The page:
Artificial intelligence may still seem foreign to some people, but IBM is determined to make it the future of healthcare, reports ZDNet.
Since their AI Program, Watson, defeated human opponents on the game show Jeopardy!, the tech giant has funneled resources into making their supercomputer work for people, not against them. There’s both high expectations and space for it to see continued growth. In the years since IBM’s announcement, AI has been valued at as much at $600 million in 2014, and is expected to be worth $6 billion by 2021.
A shift has happened. AI is no longer an idea that needs preliminary exploration. We’ve seen what it can do by now. As Frost & Sullivan’s Venkat Rajan says, AI is moving towards commercial adaptation.
The growing demand for AI systems isn’t for novelty or the embrace of future technology for its own sake. Instead, the demand is facilitated by necessity. Doctors alone cannot keep tabs on the ever increasing body of data surrounding patients and their individual statistics, and the traditional management systems are becoming increasingly inefficient. It’s easy to see how overburdened the human mind can become with a glut of information Beyond that, error could lead to potentially life altering or life-ending consequences. AI can not only retain all of this data, but it can also use it to recommend certain treatment options. These possibilities are furthered when one considers that patients may move and change physicians. An AI system could have all of their previous health data, trends, and analysis at the ready to assist the new doctor.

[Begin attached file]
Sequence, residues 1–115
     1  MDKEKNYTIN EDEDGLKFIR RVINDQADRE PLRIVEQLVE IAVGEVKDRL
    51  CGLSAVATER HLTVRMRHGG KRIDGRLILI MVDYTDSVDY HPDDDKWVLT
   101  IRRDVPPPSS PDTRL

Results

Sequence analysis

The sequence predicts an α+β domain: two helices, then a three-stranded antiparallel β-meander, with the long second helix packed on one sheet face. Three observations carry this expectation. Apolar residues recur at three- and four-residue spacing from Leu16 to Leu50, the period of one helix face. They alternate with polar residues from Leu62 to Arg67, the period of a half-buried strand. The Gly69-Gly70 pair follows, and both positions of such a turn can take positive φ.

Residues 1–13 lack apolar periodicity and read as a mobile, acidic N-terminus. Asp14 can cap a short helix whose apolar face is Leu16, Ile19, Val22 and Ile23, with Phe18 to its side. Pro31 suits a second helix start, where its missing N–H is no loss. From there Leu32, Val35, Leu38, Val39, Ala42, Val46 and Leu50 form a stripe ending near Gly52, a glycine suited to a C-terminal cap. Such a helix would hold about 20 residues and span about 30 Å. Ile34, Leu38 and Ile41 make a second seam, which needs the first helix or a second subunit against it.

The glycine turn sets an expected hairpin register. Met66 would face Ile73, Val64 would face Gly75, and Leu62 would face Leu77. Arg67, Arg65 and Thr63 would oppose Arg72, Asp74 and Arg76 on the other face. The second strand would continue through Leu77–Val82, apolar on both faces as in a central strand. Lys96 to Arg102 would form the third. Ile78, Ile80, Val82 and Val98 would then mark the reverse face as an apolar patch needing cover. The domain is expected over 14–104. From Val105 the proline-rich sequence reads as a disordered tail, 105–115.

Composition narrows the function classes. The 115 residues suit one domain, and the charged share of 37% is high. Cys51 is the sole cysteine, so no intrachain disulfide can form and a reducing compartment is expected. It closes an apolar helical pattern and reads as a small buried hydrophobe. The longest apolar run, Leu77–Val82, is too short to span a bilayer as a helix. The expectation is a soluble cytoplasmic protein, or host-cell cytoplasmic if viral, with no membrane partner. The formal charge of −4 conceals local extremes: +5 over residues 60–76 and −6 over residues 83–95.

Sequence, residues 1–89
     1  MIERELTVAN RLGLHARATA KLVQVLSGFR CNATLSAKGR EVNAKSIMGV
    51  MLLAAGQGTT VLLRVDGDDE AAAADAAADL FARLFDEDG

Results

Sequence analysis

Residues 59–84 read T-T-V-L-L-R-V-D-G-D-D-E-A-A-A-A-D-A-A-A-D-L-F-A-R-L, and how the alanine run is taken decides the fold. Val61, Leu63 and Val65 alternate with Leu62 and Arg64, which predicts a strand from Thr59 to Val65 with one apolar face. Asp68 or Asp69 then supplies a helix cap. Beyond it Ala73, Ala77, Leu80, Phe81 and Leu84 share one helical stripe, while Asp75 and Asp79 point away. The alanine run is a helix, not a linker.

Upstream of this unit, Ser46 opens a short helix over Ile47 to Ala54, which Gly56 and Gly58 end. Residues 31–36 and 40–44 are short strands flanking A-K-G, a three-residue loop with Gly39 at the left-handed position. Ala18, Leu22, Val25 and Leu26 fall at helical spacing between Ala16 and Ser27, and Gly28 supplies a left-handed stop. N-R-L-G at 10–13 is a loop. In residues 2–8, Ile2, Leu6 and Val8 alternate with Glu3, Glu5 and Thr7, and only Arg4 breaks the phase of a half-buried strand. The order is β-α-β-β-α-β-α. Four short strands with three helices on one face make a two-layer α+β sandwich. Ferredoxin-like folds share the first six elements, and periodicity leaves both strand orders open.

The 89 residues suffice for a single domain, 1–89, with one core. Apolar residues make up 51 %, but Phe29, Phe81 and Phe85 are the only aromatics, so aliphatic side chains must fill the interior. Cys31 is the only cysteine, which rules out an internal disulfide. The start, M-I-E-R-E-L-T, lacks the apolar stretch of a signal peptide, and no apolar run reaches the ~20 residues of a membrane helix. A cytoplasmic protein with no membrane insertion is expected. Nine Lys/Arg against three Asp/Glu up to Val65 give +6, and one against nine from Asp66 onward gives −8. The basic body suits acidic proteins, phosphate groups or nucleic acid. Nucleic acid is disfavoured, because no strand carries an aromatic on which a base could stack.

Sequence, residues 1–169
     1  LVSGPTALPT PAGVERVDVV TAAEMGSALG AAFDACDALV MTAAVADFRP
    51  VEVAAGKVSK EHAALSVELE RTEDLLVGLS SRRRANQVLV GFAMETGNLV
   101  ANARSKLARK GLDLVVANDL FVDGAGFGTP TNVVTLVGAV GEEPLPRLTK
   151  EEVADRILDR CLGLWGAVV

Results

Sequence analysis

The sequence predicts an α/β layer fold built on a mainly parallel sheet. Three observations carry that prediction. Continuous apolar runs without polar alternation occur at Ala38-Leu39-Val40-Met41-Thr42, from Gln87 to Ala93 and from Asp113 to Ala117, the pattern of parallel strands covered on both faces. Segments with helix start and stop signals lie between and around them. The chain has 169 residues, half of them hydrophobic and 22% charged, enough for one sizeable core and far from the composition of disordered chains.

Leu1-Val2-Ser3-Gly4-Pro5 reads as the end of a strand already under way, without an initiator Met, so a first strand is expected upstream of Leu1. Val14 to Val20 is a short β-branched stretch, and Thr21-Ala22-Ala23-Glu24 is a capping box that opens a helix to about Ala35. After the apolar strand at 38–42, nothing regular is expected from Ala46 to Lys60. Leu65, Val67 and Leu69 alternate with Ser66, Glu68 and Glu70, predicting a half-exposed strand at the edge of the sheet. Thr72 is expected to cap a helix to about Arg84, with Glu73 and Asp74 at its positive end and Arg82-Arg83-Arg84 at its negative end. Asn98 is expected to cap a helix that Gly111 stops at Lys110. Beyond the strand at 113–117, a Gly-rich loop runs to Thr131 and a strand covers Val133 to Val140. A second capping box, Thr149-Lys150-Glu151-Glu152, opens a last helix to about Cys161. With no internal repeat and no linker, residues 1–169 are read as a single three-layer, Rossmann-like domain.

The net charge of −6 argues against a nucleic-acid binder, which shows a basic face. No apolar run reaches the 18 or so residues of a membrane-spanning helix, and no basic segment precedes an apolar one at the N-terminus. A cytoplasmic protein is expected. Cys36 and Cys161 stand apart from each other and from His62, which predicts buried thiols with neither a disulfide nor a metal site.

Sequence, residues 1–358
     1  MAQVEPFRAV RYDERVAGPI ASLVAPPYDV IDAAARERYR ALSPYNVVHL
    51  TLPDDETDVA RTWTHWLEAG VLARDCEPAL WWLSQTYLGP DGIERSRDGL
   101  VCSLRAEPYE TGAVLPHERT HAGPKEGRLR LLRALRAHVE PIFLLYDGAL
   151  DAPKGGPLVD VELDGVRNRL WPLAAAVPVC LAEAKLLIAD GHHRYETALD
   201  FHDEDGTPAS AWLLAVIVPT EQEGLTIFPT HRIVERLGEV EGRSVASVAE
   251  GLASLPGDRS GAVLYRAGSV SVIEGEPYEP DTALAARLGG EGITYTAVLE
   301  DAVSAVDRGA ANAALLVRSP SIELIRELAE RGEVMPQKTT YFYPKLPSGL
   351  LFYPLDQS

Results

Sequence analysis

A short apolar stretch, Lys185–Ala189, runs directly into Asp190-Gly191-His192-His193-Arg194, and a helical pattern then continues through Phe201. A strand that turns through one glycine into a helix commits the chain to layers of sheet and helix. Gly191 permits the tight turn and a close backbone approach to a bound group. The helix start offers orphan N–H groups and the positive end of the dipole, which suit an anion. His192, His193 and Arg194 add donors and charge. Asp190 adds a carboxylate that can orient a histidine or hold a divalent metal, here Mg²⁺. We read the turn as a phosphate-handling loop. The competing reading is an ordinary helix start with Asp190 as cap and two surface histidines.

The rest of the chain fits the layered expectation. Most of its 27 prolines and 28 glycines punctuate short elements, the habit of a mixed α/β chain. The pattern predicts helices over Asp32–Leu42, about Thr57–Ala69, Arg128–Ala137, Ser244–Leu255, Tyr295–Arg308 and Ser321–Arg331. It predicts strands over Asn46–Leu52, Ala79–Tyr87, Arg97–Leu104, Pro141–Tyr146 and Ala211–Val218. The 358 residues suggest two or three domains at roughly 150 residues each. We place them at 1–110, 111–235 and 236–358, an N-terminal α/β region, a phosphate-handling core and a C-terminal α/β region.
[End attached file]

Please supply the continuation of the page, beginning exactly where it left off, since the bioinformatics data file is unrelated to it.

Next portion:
IBM may be leading the AI revolution, but Google is looking towards it, too. Their healthcare system, DeepMind, has no AI component yet, but is expected to have one in the future.
Another crucial role that AI could play is in disease prevention and early detection. By analyzing a patient’s health history, lifestyle, and genetic predisposition, a system can record the optimal treatment options— be if medication or a lifestyle change.
AI could also be involved in drug development. With all of that data on hand, it could be easier to identify which population segments may be best suited for a trial, or provide some insight as to why one population sample reacted to a drug better than another one did.
AI doesn’t only need to be for doctors, it can help patients as well. You know how sometimes you go to a doctor wondering if a seemingly benign system could be a sign of something more serious? AI could help with that.
Of course, AI won’t be perfect— there are going to be underlying privacy issues and liability risks to be dealt with of course— but you should expect to see it play a role in the future.